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This makes me so angry!

I agree with a lot of what tigtog says in the linked post, and also Michael Brull’s post at Overland.

I did read through all of the reasons for sentence [NB: link is a pdf], and I have some further comments arising out of that.

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DUFC logo

Welcome to the 18th Down Under Feminists’ Carnival! (And apologies for the delay.)

This Carnival has an optional caring theme, thanks to Australian Carers’ Week (which was October 18 to October 24). The theme for this year was “Anyone, Anytime, Across Australia”, which I modified to “Anyone, Anytime” for the purposes of the DUFC.

There wasn’t much sent in on theme, so I’ve expanded the DUFC rules just a little.

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The Land and Environment Court has dismissed the appeal by the Quranic Society against a decision by Camden Municipal Council not to allow a Muslim school in the area.

I haven’t read the decision yet – if I get the chance to do so next week, I may post about it – but the ABC article linked above gives the court’s reason for dismissing the appeal as being that the school “was not suitable for the rural nature of the land.”

I’ve written about this school before, and again, I’m skeptical about the Court’s reasoning – but I’ll wait until I get the chance to read the judgment before I say too much about that.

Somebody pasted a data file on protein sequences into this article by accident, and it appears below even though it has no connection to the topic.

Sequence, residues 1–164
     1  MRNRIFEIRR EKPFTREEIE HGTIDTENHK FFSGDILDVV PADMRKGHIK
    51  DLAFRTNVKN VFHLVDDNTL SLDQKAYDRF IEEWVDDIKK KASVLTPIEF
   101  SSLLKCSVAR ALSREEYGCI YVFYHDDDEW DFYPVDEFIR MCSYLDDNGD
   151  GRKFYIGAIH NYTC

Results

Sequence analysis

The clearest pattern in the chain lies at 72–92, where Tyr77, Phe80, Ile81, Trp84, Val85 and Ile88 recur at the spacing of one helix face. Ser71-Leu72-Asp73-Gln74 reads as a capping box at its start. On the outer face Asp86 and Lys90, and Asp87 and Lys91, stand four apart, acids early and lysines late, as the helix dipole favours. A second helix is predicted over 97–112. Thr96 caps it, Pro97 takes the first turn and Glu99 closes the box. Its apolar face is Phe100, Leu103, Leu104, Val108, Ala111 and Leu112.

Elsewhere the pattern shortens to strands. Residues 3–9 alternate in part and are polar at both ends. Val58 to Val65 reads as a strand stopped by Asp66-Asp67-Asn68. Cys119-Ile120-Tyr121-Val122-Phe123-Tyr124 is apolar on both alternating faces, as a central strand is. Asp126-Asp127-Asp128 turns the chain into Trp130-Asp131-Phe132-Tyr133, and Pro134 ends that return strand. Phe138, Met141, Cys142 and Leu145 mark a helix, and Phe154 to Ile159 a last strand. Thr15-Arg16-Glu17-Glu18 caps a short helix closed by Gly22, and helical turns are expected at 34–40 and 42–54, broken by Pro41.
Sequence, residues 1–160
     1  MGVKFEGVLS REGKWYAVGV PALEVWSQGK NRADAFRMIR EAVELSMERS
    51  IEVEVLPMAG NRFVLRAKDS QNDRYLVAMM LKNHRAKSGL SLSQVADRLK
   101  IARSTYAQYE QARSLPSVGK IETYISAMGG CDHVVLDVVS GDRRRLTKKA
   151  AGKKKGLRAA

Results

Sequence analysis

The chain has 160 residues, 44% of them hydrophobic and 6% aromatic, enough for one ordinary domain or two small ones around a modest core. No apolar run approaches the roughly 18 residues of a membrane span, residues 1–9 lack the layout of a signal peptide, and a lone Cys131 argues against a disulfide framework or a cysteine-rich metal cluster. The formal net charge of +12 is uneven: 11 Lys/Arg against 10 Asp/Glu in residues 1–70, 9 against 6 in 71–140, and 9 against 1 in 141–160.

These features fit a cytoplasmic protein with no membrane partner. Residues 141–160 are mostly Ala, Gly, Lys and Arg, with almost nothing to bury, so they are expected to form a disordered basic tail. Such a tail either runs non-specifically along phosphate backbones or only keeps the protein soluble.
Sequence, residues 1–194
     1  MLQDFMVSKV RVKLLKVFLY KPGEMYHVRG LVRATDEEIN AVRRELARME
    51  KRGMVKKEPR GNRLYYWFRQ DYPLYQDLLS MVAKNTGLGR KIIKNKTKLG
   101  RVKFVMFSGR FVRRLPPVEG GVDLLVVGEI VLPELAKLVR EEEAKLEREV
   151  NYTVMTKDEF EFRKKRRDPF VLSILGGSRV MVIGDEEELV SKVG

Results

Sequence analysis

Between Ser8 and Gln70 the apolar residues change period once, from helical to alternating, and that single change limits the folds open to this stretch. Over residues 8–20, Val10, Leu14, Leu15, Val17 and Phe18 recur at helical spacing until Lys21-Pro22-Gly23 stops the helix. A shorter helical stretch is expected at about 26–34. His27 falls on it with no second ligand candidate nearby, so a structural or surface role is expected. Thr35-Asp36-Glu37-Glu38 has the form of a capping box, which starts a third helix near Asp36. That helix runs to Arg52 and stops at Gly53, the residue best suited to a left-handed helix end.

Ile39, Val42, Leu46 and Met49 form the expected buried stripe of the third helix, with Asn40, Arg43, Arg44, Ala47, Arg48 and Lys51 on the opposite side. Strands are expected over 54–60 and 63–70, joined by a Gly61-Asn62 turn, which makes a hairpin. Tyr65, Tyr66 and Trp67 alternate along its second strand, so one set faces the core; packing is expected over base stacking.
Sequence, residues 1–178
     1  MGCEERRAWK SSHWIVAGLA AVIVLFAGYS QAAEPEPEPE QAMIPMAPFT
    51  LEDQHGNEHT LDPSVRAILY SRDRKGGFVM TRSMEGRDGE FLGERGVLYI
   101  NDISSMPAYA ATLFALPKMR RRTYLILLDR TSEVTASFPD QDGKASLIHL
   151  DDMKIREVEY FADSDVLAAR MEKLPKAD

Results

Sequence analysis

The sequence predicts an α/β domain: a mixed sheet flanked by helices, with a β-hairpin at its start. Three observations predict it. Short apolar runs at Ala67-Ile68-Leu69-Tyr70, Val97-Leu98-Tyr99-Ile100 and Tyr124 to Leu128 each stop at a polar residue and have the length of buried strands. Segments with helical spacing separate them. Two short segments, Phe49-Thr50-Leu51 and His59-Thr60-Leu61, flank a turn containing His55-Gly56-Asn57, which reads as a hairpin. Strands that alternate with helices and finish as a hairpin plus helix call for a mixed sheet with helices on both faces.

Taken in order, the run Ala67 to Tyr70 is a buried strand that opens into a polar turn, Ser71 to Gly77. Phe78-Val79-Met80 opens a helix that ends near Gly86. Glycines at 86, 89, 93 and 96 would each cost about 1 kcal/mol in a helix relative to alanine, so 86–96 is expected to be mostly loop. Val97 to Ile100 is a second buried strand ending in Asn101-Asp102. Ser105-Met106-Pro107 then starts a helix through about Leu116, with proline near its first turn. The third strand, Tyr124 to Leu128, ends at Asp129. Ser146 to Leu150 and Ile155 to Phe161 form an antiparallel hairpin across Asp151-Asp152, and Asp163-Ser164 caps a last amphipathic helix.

What I want to draw attention to, though, is comments like this (from the ABC article):
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The theme for this year’s Reconciliation Week is “See the person, not the stereotype”.

A couple of months ago, I noticed some ads around the city. Each ad had two faces, and a question (eg “Who would you want to work with?”), and then the words “We’re hoping you couldn’t answer that” and url reconcilation.org.au.

You can see video versions of the ads here (15 seconds each). [Bonus feminist mini-rant: anyone notice anything about (a) those questions and (b) the male:female ratio?]

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You’ll probably see some of the themes of my posts during this week, Reconciliation Week, being revisited in my posts for NAIDOC Week in a month or so. That’s because, as I mentioned in my previous post, Reconciliation Week sort of snuck up on me, and that means I don’t have a great deal of time to research these posts as much as I might like. Instead, they basically consist of thoughts which have been bouncing around in my head a bit.

One of these relates to the privilege of education. I’ve touched on this idea a bit before, but I think it’s important enough to come back to (again and again and again, if necessary).

Perhaps it’s the bias of my upbringing, but I think education is important. I think access to education is important.

In Australia, we discriminate tremendously against Aboriginal and Torres Strait Islander people with respect to education and access to education.